This means with valid O-1 visa status, you can prove intent to stay in the US permanently while living there temporarily, and apply to change your status without detrimentally impacting your nonimmigrant status.

Green Card requirements

You will need to attain a Green Card, also known as a permanent residence card, to live and work in the United States indefinitely, without immigration restrictions.

There are a number of different routes to a Green Card, such as through employment or work. The application process and eligibility criteria depend on the type you are applying for.

The EB-1 classification is for Green Card applications from workers, comprising three subcategories:

  • EB-1A: Extraordinary ability
  • EB-1B: Outstanding professors and researchers
  • EB-1C: Multinational manager or executive

As the name suggests, the EB1 classification for O-1 visa holders would be through the EB-1A classification.

O-1 to EB-1A

The EB-1A classification has one standard for all professions, irrespective of O-1A or O-1B status. In the same way as the O-1 visa required evidence of the applicant’s accomplishments and extraordinary ability in their professional field of either science, arts, education, business or athletics, so too must EB-1A applicants.

To be eligible under the EB-1A, you will need to show you qualify under two tests:

Preliminary ‘objective’ test

This requires you to submit evidence that you either have been awarded a one-time achievement such as an Olympic medal or Nobel prize, or that you satisfy at least three of the following demonstrating extraordinary ability in your field:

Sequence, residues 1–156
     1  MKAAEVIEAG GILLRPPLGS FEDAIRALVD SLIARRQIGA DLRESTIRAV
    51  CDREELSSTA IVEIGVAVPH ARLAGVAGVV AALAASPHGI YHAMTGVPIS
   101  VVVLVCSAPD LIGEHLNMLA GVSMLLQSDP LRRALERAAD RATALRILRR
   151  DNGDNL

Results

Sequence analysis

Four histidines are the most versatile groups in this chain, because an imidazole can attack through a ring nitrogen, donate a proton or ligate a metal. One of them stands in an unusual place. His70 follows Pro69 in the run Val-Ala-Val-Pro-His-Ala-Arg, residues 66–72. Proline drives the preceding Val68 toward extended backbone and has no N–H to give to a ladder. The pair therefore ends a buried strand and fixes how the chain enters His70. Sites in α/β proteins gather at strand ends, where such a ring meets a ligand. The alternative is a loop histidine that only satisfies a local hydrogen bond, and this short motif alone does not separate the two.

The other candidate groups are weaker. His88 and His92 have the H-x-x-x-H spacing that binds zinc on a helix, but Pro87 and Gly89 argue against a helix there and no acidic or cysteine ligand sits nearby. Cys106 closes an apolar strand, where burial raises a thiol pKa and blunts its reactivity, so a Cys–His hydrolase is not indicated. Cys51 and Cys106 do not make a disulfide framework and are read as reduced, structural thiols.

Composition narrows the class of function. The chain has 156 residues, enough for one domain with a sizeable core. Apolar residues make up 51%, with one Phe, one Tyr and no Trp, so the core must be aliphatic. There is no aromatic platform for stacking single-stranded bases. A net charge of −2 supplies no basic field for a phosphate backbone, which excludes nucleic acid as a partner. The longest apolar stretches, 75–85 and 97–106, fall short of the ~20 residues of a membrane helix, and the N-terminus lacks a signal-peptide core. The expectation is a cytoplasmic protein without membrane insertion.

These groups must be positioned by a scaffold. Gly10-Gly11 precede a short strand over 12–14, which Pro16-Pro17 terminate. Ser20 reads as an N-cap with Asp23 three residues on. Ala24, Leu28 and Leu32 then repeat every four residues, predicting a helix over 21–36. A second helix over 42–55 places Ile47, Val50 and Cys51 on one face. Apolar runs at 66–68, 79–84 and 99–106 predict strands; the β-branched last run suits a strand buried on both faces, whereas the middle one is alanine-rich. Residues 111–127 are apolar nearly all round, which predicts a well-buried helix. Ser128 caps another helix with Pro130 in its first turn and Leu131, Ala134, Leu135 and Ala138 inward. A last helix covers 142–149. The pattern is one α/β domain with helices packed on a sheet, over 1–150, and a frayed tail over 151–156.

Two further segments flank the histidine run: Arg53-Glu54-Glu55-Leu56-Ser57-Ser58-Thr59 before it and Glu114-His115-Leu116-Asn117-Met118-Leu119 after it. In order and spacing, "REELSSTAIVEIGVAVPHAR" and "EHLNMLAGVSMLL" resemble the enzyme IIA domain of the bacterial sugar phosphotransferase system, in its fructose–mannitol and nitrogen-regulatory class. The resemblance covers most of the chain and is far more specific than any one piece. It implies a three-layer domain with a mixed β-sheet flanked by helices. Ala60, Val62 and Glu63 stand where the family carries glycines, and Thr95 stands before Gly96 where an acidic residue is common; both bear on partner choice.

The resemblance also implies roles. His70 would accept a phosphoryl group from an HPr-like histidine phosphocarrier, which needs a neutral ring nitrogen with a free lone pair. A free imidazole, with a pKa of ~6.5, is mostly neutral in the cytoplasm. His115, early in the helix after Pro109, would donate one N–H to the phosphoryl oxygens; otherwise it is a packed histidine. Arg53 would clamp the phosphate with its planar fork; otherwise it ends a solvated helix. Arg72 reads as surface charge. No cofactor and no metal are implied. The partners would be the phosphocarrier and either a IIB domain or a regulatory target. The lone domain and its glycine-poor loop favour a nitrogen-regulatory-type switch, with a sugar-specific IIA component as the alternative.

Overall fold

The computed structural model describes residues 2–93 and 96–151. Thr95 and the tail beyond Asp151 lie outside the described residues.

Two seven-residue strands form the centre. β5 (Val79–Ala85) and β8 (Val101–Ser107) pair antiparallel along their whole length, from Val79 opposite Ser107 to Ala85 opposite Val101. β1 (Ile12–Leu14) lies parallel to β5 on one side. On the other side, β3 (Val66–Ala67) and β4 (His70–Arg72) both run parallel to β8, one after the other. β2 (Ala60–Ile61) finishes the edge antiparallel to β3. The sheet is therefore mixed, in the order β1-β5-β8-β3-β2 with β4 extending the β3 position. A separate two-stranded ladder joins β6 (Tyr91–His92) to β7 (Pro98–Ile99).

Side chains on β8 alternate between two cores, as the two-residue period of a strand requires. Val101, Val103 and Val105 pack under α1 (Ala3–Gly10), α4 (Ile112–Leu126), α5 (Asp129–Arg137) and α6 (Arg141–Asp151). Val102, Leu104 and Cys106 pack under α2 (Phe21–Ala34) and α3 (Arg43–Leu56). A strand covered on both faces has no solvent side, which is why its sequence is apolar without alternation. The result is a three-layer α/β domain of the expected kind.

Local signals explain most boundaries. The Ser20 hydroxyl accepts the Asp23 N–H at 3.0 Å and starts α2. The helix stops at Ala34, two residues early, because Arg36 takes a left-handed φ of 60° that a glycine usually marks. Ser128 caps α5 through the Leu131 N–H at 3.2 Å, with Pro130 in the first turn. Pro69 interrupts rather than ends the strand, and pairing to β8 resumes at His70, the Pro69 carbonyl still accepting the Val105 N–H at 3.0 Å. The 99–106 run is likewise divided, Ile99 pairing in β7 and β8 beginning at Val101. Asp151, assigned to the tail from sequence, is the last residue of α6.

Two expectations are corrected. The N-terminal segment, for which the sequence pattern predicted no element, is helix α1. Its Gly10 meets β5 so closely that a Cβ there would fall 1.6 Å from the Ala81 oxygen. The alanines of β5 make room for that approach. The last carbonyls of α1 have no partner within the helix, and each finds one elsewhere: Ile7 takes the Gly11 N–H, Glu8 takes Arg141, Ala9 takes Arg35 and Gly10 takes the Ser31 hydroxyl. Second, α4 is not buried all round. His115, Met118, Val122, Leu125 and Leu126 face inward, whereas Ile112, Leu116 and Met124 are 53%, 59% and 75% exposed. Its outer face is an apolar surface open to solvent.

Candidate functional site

• Evidence of receipt of lesser nationally or internationally recognized prizes or awards for excellence
  • Evidence of your membership in associations in the field which demand outstanding achievement of their members
  • Evidence of published material about you in professional or major trade publications or other major media
  • Evidence that you have been asked to judge the work of others, either individually or on a panel
  • Evidence of your original scientific, scholarly, artistic, athletic, or business-related contributions of major significance to the field
  • Evidence of your authorship of scholarly articles in professional or major trade publications or other major media
  • Evidence that your work has been displayed at artistic exhibitions or showcases
  • Evidence of your performance of a leading or critical role in distinguished organizations
  • Evidence that you command a high salary or other significantly high remuneration in relation to others in the field